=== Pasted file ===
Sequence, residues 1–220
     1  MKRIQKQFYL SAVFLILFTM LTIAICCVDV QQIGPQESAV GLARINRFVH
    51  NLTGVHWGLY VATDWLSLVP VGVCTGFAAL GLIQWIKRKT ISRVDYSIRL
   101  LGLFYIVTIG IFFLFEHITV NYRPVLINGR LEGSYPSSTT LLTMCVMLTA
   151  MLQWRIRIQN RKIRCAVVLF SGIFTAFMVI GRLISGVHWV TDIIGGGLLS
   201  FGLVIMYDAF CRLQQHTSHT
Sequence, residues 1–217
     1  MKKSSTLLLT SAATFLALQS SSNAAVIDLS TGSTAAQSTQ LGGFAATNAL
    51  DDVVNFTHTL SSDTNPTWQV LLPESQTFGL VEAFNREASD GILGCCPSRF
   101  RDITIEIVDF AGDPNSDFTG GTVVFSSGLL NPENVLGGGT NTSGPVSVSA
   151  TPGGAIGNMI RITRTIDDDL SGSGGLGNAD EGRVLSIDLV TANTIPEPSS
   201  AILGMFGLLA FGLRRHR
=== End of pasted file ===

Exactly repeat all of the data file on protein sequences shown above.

Sequence, residues 1–220
     1  MKRIQKQFYL SAVFLILFTM LTIAICCVDV QQIGPQESAV GLARINRFVH
    51  NLTGVHWGLY VATDWLSLVP VGVCTGFAAL GLIQWIKRKT ISRVDYSIRL
   101  LGLFYIVTIG IFFLFEHITV NYRPVLINGR LEGSYPSSTT LLTMCVMLTA
   151  MLQWRIRIQN RKIRCAVVLF SGIFTAFMVI GRLISGVHWV TDIIGGGLLS
   201  FGLVIMYDAF CRLQQHTSHT
Sequence, residues 1–217
     1  MKKSSTLLLT SAATFLALQS SSNAAVIDLS TGSTAAQSTQ LGGFAATNAL
    51  DDVVNFTHTL SSDTNPTWQV LLPESQTFGL VEAFNREASD GILGCCPSRF
   101  RDITIEIVDF AGDPNSDFTG GTVVFSSGLL NPENVLGGGT NTSGPVSVSA
   151  TPGGAIGNMI RITRTIDDDL SGSGGLGNAD EGRVLSIDLV TANTIPEPSS
   201  AILGMFGLLA FGLRRHR